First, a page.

Chapter 62

### I. PROBLEM

An infant has a “low blood glucose level” on bedside glucose testing. The American Academy of Pediatrics (AAP) Committee on Fetus and Newborn states that the “absolute definition of hypoglycemia as a specific value or range cannot be given, as no evidence-based studies can define what clinically relevant neonatal hypoglycemia is.” Therefore, it is challenging to address treatment for hypoglycemia, as it is not possible to define a single blood glucose level that requires intervention in every newborn. Because blood glucose is lower in the first 12–24 hours after birth, some clinicians use a lower target number in the first 24 hours of life to define hypoglycemia. Treatment decisions depend on the clinical situation and infant characteristics. Note: Aggressive screening and treatment is recommended because hypoglycemia is linked to poor neurodevelopmental outcome. Incidence varies depending on many factors, including gestational age and cause, but is ∽15%.

1. At-risk late preterm (34–36 6/7 weeks) and term infants (small for gestational age [SGA], infants of diabetic mothers [IDMs], large for gestational age [LGA]). AAP guidelines recommend treatment for low blood sugar in the following settings:

1. Symptomatic infants at any age with a plasma glucose <40 mg/dL.

2. Asymptomatic infants (birth to 4 hours) with a plasma glucose <40 mg/dL.

3. Asymptomatic infants (4–24 hours) with a plasma glucose <45 mg/dL.

2. AAP guidelines recommend a target plasma glucose of ≥45 mg/dL before routine feeding.

3. Preterm infants <34 weeks. Plasma glucose <45 mg/dL (controversial; best to use your institutional guidelines). No guidelines have been established for premature infants with literature stating ranges 40–50 mg/dL.

4. Infants with documented hyperinsulinemic states. Value of <60 mg/dL is considered hypoglycemic (controversial ).

### II. IMMEDIATE QUESTIONS

1. Has the value been repeated, and has a serum blood glucose sample been sent to the laboratory? Reagent strips can give incorrect values and be quite inaccurate in the low range (<40–50 mg/dL). Test strips can vary 10–20 mg/dL from the actual level of properly collected plasma glucose. Never diagnose or treat hypoglycemia based on these screening reagent strips alone. Always send a serum sample to the laboratory before starting treatment. Bedside glucose meters (use only FDA cleared for testing in neonates) are sufficiently accurate and precise for in-hospital use but only as screening devices. Remember, in infants with a high hematocrit a false low glucose may occur, and with galactosemia a false high glucose will occur. Note: Plasma glucose is 10–18% higher than serum glucose.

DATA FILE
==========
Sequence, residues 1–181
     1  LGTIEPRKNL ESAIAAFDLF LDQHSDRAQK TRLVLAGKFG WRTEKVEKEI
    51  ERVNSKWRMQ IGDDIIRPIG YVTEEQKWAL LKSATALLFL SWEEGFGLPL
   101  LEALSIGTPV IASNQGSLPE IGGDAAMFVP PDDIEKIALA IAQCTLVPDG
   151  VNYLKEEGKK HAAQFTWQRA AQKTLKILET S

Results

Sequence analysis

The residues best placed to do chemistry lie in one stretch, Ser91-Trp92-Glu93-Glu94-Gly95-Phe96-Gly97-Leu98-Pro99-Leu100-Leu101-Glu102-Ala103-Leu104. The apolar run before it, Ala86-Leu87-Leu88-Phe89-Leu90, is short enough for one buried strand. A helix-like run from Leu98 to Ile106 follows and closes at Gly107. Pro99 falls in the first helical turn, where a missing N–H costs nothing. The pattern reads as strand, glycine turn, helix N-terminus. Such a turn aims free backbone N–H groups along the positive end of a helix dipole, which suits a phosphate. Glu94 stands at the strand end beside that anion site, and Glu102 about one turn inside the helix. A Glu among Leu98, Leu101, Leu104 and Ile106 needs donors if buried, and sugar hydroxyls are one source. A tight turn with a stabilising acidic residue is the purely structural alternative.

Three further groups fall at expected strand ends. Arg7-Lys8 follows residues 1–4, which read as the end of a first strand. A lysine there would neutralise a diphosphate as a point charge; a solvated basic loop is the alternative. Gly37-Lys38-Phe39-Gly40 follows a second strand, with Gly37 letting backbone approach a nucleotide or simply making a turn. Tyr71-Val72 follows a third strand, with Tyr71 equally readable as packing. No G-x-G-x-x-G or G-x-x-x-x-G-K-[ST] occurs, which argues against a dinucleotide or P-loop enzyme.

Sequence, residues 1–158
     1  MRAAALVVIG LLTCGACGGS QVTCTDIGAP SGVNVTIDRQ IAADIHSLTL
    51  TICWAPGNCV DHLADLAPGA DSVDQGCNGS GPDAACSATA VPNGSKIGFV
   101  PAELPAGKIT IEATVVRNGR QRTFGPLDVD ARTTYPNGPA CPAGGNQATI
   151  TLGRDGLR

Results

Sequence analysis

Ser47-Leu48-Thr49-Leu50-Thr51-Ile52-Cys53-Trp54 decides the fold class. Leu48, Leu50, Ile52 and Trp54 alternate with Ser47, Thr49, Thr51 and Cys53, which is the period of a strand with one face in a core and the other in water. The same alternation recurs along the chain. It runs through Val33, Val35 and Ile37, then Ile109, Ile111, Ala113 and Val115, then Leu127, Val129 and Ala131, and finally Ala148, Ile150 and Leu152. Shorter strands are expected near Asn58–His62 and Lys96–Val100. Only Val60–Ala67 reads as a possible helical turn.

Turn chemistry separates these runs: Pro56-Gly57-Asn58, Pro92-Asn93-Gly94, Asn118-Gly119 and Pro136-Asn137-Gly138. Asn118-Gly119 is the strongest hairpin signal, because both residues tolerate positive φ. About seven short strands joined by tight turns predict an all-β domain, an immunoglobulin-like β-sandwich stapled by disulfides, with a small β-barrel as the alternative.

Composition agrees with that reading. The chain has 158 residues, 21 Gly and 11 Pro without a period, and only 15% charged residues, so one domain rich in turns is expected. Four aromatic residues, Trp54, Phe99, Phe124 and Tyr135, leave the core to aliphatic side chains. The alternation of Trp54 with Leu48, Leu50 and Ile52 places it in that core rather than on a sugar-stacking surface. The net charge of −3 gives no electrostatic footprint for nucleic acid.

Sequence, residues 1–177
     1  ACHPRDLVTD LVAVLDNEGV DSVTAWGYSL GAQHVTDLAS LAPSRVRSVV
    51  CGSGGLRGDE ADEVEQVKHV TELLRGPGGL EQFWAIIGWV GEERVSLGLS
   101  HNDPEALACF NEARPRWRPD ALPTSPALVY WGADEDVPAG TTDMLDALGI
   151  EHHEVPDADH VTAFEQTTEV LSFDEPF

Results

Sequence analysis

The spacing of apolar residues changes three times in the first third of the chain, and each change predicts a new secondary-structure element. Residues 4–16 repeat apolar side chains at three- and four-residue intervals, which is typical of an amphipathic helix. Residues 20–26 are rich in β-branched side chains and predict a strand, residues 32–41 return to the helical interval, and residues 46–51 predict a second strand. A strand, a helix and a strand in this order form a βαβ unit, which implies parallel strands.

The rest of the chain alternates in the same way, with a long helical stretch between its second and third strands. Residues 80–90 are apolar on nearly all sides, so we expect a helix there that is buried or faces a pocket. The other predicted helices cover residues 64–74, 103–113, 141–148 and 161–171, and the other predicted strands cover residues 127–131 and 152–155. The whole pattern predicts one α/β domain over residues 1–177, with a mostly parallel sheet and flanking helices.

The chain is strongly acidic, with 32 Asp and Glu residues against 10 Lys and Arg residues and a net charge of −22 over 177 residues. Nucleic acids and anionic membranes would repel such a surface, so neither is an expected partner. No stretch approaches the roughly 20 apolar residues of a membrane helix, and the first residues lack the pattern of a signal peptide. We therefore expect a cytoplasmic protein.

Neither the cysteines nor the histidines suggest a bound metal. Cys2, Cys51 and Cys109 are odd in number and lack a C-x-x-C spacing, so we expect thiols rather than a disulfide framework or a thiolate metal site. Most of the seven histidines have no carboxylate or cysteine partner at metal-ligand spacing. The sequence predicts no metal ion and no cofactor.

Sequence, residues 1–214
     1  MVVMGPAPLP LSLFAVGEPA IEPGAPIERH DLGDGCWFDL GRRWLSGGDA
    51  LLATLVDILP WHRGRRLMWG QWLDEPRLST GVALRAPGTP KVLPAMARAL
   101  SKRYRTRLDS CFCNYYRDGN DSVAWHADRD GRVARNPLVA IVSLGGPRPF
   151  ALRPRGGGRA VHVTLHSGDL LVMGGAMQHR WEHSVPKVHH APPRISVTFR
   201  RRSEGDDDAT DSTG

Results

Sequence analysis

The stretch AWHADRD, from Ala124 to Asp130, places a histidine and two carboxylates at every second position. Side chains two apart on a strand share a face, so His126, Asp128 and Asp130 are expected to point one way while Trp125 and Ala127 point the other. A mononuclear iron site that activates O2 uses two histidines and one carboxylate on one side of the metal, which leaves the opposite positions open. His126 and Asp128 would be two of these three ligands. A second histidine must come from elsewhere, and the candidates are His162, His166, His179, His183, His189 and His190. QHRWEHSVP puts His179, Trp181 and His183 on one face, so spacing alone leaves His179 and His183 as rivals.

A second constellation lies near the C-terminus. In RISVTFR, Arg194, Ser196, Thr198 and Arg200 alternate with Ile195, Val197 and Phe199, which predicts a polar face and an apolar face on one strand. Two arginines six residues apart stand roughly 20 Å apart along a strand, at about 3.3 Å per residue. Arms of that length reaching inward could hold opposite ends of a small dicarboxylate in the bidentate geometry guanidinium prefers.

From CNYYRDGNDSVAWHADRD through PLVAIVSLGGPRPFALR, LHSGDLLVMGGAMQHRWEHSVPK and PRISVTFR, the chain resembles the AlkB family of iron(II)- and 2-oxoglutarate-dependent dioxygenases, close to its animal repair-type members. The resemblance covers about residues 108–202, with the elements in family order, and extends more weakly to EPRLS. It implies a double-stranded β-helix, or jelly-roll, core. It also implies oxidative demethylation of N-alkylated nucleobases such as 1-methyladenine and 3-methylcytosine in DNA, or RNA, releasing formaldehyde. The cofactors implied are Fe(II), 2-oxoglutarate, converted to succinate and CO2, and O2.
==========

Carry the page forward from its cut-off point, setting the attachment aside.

2. Does the mother have any risk factors that would increase her infant's risk of hypoglycemia, such as gestational or insulin-dependent diabetes? Approximately 40% of IDMs have hypoglycemia. Throughout pregnancy, diabetic mothers can have episodes of hyperglycemia, resulting in fetal hyperglycemia. This fetal hyperglycemia induces pancreatic β cell hyperplasia, which in turn results in hyperinsulinism. After delivery, hyperinsulinism persists, and hypoglycemia results. An infant of an obese mother without glucose intolerance can also increase the risk in the infant. Infants born to mothers who had preeclampsia, or received glucose infusion during delivery, or were on oral terbutaline are also at increased risk.

3. Is the infant at risk for hypoglycemia?...

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